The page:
KATHMANDU, Jan 25: Had Swar Samrat Narayan Gopal Guruvacharya not identified the makings of a fine lyricist in him, Kali Prasad Rijal, 72, would have just been a civil servant, and by now would have been leading the tranquil life of a retired bureaucrat.
More importantly, had the two not met and not developed a bonding of friendship and creative cooperation, the repertory of Nepali music would never have had the good fortune of possessing timeless hits like “Ankha Chhopi Narou Bhani Bhannu Parya Chha” (Hiding my eyes, I have to tell others not to weep), and “Jhareko Paat Jhai Bhayo Ujad Mero Jindagi” (My life has become like a withered leaf), among other songs.
It was just coincidental that when Rijal was the director of Department of Information -- then located next to where Jam E-Masjid stands today -- circa 1976, the Emperor of Voice was employed by the Sanskritik Sansthan at the Rastriya Naach Ghar and was also reading Rijal´s poems with delight.
On a fateful day, Narayan Gopal burst into Rijal´s office whistling. Meetings that followed developed a bond that produced a dozen unforgettable songs.
In the course of their frequent get-togethers, Rijal, who had taken to writing poetry giving up writing songs in 1958 after having the good fortune of listening to poetry recitals by the likes of Bal Krishna Sama, Lekhanath Poudyal, Laxmi Prasad Devkota, Siddhicharan Shrestha, Bhim Darshan Rokka, and Bhupi Sherchan, accidentally impressed Narayan Gopal with his strong grasp of music.
Back to writing songs
One morning, Narayan Gopal asked Rijal to write songs for him. “I told him it had been two decades since I wrote my last song. But he insisted,” Rijal reminisced, adding, “It was strange that he was very confident I could write good songs, while I myself wasn´t.”
By then, Rijal had learnt quite a lot about Narayan Gopal´s moody side.
“I had seen him tear apart and dump lyrics that were brought to him, leaving lyricists red-faced and terribly hurt. I feared similar fate and hoped that my good friend would forget the request. Still, I sat down to write a song one Saturday. After writing one I wrote another, reasoning that giving him two songs improved the chances of my lyrics being accepted,” Rijal related at his modest residence in Chucchepati.
But Narayan Gopal was dead serious about the request he had made. He arrived at Rijal´s office to ask for the songs, read them several times, and left without a comment. He didn´t meet Rijal for quite sometime after that, making the latter believe that his lyrics were rejected and his friendship was in peril.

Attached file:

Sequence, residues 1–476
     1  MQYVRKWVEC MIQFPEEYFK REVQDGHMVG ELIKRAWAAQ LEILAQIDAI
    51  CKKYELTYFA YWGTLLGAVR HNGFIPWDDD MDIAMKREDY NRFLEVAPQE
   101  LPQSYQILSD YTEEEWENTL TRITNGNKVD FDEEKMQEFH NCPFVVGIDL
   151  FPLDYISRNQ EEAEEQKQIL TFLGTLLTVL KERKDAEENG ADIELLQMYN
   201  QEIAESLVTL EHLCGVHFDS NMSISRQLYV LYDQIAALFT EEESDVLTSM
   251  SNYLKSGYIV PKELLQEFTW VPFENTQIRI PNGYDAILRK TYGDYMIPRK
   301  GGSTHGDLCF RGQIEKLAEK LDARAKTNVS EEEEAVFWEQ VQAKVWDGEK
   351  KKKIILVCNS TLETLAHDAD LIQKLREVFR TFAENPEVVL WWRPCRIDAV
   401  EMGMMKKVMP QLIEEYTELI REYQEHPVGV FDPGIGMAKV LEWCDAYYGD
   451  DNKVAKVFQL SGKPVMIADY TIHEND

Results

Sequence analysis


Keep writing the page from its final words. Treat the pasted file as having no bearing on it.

“But he arrived one day, gave me records, asked me to listen to them, and comment on them,” Rijal said.
After reaching home that day, the first thing Rijal did was rush to his music system to listen to the songs.
“Both my songs had been recorded in a single sitting,” he said, still displaying remnants of the immense pleasure he must have felt that day.
The songs immediately catapulted Rijal to fame and firmly established him as lyricist. But “Ankha Chhopi Narou Bhani Bhannu Parya Chha” nearly cost Rijal his skin.
Almost charged for sedition
After playing it several times daily for months, Radio Nepal suddenly stopped playing “Ankha Chhopi”.
It later turned out that someone had filed a complaint at the royal palace complaining that the director of the Department of Information writing such a song was tantamount to sedition and therefore he must be hanged. “To this day, I don´t know who lodged the complaint,” Rijal said, amusedly.
It was late Dhuswa Sayami, who was then working at an Inquiry Center inside the royal palace, who informed Rijal that Radio Nepal and the Ministry of Information had launched an investigation into the song´s lyrics, but had fortunately concluded that it contained nothing seditious.
“You survived, Baje, you survived,” late Sayami told Rijal.
“It was quite scary. Back in those days, a person could have been easily made to disappear,” Rijal said.
Though Narayan Gopal gave his voice to many lyricists, he made it a point to reserve special rights to whatever Rijal wrote.
“It was clear that he was attached to me. As soon as I wrote a song, he took it from me and did not allow anyone to compose music for the song. He himself composed music for the dozen songs of mine that he sang,” said Rijal, who deeply regrets that his friend did not live longer to sing more of his songs.
Rijal has written lyrics for nearly 200 songs recorded so far, apart from producing eight books, including poetry collections, song collections and a play.
Retirement has given the father of three sons more time to write songs. Singers of the new generation like Ram Krishna Dhakal, Kunti Moktan, Rajesh Payal Rai, Lochan Bhattarai, Yam Baral and Ananda Karki have given voice to the lyrics penned by Rijal, who was acting secretary at the Ministry of Information and Communications when he retired from bureaucracy.
The man from Dharan, who came to Kathmandu in 1957 after completing SLC just because he wanted to meet the creators of poetry that his mother recited to him during his childhood, rues the fact that despite the expansion of market for music in the country and presence of dozens of FM stations, a lyricist still cannot survive comfortably writing lyrics.
“Piracy is rampant. These days, more investment is needed to produce music as you also need to make music videos. But the return is still poor,” said the lyricist, adding, “It is saddening to see many talented singers like Sharmila Bardewa, Yam Baral, Karna Das and Sapna Shree leave the country.